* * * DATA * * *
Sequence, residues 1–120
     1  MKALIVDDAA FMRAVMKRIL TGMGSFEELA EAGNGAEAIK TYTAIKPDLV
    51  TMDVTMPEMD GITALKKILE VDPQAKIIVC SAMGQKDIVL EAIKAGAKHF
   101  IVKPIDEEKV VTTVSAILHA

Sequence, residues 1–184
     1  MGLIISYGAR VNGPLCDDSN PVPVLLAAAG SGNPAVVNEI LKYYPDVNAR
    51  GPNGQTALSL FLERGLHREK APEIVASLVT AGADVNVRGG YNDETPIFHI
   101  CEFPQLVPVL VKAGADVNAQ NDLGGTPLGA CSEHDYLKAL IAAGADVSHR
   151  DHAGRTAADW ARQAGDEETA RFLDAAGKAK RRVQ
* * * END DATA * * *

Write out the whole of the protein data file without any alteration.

Sequence, residues 1–120
     1  MKALIVDDAA FMRAVMKRIL TGMGSFEELA EAGNGAEAIK TYTAIKPDLV
    51  TMDVTMPEMD GITALKKILE VDPQAKIIVC SAMGQKDIVL EAIKAGAKHF
   101  IVKPIDEEKV VTTVSAILHA

Sequence, residues 1–184
     1  MGLIISYGAR VNGPLCDDSN PVPVLLAAAG SGNPAVVNEI LKYYPDVNAR
    51  GPNGQTALSL FLERGLHREK APEIVASLVT AGADVNVRGG YNDETPIFHI
   101  CEFPQLVPVL VKAGADVNAQ NDLGGTPLGA CSEHDYLKAL IAAGADVSHR
   151  DHAGRTAADW ARQAGDEETA RFLDAAGKAK RRVQ